A day after Republicans gathered to figure out the next speaker of the Ohio House, there’s still no word on who that might be. GOP state lawmakers met for hours at a downtown hotel on Tuesday but left without making a decision, cancelling a House session scheduled for Wednesday.
House Speaker Pro Tem Kirk Schuring says the 65-member caucus needs to provide 50 votes for one person to serve as the speaker for the rest of this calendar year. Finance Committee Chair Ryan Smith led the vote total, but there’s a problem getting consensus needed from the rest of the caucus.
“We asked for a show of hands of who could not vote for the nominee on the floor,” Schuring said. “And that’s where we are at right now. We’re real close to the 50 but we are not there yet but we are close enough that we can get there. And again, I just need to sit down with others and figure out what that pathway might be.”
Fifty votes represents a majority of the 99-member House, and Republicans control 66 seats.
Smith and former Speaker Larry Householder have been angling for the Speaker position next year, as Republicans look to replace Cliff Rosenberger, who resigned last month amid reports of an FBI inquiry about his travel and relationships with lobbyists.
Smith is Rosenberger’s chosen successor. State Reps. Dorothy Pelanda and Andy Thompson, who are not able to run again, pitched themselselves as neutral placeholder candidates who could restore normalcy to the chamber.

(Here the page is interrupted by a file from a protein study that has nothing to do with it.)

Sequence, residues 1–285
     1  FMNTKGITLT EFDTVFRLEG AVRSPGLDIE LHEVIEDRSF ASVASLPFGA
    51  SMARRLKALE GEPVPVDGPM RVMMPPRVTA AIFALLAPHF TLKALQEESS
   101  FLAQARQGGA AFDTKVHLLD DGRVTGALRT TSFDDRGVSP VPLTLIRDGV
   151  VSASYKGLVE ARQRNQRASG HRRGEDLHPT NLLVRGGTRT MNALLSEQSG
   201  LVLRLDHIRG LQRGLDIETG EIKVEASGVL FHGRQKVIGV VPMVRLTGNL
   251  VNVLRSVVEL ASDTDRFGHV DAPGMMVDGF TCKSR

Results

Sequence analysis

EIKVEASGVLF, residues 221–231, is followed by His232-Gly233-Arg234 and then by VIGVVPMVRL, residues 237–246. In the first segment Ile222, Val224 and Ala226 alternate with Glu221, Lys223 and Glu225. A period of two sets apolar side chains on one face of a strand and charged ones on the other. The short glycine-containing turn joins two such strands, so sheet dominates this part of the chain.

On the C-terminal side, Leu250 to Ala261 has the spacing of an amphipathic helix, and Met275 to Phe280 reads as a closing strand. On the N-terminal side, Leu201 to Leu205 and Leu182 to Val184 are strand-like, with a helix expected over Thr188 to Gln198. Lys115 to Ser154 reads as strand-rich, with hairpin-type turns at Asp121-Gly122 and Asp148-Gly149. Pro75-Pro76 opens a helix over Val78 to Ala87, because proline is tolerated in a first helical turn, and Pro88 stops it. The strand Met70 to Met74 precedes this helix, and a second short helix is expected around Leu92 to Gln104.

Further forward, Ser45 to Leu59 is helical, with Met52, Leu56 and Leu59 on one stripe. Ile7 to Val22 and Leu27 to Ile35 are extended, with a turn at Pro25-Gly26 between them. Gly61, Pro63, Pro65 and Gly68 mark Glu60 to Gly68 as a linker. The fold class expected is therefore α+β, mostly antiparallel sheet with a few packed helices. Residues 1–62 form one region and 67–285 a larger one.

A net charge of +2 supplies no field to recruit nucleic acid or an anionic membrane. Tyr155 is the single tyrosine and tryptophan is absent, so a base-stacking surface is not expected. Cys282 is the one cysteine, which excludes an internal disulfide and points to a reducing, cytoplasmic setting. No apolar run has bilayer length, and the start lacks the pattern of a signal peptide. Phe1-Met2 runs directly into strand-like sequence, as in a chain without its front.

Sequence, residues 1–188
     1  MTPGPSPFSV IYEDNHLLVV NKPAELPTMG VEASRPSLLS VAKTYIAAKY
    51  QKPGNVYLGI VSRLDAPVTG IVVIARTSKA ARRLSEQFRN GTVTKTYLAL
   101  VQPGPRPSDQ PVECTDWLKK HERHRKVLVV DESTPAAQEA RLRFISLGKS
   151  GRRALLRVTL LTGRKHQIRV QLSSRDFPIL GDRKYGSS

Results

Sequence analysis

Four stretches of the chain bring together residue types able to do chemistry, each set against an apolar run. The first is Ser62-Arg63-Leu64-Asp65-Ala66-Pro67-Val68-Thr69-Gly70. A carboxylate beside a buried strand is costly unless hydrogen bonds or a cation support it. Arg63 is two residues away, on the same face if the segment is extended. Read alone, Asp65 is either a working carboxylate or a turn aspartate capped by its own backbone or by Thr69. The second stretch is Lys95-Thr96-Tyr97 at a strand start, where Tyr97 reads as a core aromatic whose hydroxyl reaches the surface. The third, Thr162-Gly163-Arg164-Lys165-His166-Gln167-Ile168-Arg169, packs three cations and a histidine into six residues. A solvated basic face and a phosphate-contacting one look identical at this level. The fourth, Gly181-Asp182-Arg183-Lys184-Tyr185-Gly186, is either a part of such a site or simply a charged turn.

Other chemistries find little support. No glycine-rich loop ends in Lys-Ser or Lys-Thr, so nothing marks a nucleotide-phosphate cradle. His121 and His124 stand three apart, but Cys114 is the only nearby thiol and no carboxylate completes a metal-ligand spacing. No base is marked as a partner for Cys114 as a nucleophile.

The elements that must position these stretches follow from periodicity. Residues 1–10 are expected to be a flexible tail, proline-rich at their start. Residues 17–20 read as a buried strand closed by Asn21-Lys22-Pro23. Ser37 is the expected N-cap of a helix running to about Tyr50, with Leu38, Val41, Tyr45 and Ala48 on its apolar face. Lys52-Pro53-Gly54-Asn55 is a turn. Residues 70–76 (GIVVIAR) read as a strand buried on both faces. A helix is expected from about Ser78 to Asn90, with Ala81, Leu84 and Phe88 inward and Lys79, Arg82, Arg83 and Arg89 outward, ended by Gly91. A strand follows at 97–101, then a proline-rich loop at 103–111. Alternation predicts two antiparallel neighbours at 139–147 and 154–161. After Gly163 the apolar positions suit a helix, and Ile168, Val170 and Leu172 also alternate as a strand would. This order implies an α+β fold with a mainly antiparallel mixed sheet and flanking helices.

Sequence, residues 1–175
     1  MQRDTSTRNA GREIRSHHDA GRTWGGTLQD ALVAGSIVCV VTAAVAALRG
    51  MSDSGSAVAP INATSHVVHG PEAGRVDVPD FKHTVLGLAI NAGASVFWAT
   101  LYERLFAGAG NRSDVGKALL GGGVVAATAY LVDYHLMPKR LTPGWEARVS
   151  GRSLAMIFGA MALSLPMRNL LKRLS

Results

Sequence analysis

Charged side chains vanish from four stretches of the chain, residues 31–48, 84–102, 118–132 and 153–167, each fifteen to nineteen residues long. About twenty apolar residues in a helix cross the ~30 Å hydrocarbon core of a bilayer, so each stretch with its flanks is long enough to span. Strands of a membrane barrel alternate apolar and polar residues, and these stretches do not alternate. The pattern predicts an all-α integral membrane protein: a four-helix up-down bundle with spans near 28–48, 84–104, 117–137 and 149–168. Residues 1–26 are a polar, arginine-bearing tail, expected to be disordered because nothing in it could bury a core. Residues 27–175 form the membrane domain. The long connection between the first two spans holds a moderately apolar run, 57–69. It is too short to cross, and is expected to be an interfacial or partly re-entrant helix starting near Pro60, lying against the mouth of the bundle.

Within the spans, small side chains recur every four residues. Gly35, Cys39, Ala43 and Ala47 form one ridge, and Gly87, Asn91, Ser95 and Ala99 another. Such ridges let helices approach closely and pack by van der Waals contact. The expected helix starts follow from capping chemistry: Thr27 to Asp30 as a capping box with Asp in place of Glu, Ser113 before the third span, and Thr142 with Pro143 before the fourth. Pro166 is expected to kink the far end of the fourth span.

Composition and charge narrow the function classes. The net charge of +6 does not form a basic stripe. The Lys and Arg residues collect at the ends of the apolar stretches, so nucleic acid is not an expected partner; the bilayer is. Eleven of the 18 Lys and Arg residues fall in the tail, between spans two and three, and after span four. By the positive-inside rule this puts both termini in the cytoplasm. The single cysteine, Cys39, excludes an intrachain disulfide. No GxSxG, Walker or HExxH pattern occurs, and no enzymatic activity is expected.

Speakers hold powerful sway over which bills are advanced into law in the state and which ones die unceremonious deaths.
Last week’s primaries were a bitter proxy fight between Smith and Householder, with Householder successfully advancing a host of candidates friendly to him over those backed by the Smith-controlled House Republican campaign committee.
Schuring said he wasn’t surprised by the impasse. He said Rosenberger’s resignation midway through the year opened up uncharted territory, and could not say when Republicans would reconvene.
Wednesday’s session of the Ohio House was canceled after Tuesday’s meeting. Fifteen bills were scheduled for a vote, including payday lending reform.